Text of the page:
Samosa to Ghee: These foods are banned?

While there are some foods that are unique to a country or region, there are also some foods that are surprisingly forbidden in some countries. A country's food contains a lot of information about its history, traditions, culture, and people. If you dig a little further, foods vary from place to place depending on climate, population, socioeconomic or environmental factors. While there are certain foods that are unique to a country or region, there are also some foods that are surprisingly banned in some countries. Can you believe that some foods that are loved by all people in our country are banned in different countries?

Here are some of them:
Samosa: This is a very popular snack in india but samosa in the southern African region has been banned from this delicacy since 2011. What is so taboo about samosas? The reason is a bit surprising. The triangular shape of the samosa appears to be a symbol of christianity for a group called 'Al Shabaab'. So it is banned. In fact, according to the law of the land, violating this law can lead to severe punishment.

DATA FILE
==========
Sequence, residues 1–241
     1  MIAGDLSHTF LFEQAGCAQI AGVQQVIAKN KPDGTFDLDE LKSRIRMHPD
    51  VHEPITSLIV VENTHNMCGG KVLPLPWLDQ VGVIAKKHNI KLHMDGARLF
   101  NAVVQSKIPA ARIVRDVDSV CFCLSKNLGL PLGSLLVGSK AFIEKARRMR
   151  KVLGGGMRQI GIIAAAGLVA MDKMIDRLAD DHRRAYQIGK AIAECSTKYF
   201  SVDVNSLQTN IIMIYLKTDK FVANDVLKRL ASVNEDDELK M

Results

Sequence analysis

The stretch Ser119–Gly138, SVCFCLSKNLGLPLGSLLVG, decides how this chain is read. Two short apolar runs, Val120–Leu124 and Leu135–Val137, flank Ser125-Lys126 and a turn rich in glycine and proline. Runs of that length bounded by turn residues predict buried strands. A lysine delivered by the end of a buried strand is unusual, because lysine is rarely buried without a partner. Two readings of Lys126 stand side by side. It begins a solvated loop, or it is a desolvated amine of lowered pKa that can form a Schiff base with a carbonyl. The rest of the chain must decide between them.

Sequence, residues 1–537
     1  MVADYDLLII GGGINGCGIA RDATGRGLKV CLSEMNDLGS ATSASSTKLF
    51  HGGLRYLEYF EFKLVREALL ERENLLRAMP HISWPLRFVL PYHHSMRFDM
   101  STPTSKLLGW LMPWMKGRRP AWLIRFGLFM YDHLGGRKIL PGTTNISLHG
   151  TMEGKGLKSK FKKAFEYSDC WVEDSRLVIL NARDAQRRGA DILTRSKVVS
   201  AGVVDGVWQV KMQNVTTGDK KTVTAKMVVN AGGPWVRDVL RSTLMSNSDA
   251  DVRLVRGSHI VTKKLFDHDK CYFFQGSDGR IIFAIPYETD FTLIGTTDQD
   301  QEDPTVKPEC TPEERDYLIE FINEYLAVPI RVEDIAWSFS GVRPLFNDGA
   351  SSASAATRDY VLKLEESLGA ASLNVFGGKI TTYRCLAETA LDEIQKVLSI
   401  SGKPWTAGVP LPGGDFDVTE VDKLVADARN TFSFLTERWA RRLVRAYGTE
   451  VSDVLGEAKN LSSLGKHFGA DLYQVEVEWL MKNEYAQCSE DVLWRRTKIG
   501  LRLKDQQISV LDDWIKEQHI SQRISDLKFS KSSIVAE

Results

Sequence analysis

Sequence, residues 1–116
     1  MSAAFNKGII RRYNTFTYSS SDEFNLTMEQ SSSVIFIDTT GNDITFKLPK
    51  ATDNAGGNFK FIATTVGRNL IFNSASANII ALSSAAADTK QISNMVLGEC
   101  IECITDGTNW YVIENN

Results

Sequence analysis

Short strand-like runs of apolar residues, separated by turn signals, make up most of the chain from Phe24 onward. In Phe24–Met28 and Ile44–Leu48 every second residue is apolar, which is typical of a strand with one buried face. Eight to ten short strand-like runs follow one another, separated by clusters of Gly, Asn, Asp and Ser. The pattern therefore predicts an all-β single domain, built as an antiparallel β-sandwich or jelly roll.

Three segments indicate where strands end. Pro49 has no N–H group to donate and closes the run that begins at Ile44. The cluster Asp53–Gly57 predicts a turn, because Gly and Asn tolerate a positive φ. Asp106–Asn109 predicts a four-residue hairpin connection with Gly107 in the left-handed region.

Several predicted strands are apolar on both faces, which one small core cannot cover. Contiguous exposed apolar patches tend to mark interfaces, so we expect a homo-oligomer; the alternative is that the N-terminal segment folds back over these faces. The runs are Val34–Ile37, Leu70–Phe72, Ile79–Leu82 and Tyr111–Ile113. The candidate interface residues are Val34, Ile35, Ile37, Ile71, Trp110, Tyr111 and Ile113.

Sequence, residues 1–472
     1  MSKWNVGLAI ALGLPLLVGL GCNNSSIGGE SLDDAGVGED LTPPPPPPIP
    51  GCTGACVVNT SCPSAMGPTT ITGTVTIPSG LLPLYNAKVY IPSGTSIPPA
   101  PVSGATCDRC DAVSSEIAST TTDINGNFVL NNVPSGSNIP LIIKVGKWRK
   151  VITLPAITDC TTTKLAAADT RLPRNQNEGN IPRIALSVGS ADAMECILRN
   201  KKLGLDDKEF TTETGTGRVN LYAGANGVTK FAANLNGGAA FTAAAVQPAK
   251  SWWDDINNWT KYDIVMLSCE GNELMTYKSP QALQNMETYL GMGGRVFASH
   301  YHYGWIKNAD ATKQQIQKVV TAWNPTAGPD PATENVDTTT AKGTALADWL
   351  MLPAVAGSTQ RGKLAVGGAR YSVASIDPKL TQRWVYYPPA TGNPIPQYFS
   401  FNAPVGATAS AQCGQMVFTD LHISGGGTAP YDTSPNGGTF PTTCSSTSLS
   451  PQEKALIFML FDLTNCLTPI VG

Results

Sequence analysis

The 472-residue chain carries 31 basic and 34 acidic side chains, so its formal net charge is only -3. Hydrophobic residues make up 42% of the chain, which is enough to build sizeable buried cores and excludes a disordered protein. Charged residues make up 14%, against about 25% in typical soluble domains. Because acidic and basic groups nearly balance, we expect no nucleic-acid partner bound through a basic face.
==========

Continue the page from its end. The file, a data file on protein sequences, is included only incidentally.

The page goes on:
Chyawanprash: people in india have been consuming Chyawanprash for a long time. It is said to be packed with healthy nutrients that nourish us from the inside out. But canada banned this food in 2005. The product was banned due to high levels of lead and mercury.
Ghee: The benefits of ghee need no introduction. In india, ghee is considered a superfood that contains all the essential nutrients our body needs. But it is a banned product in the US because ghee has been found to cause diseases like high blood pressure, heart attack, and obesity. So can we just eat cheese? If you ask me...
Ketchup: Ketchup adds flavor to a variety of savory dishes. We pair ketchup with almost everything, from samosas and baguettes to noodles and sandwiches. But in France, it is banned. The French government has banned ketchup after the government noticed an excess of junk food among teenagers.
Bubblegum: singapore is famous for its cleanliness and has strict rules for it. That is why, in 1992, the country restricted the use, distribution, and trade of all forms of bubble gum. However, due to international pressure, the country, in 2004, allowed only the bubblegum variety for medicinal purposes.

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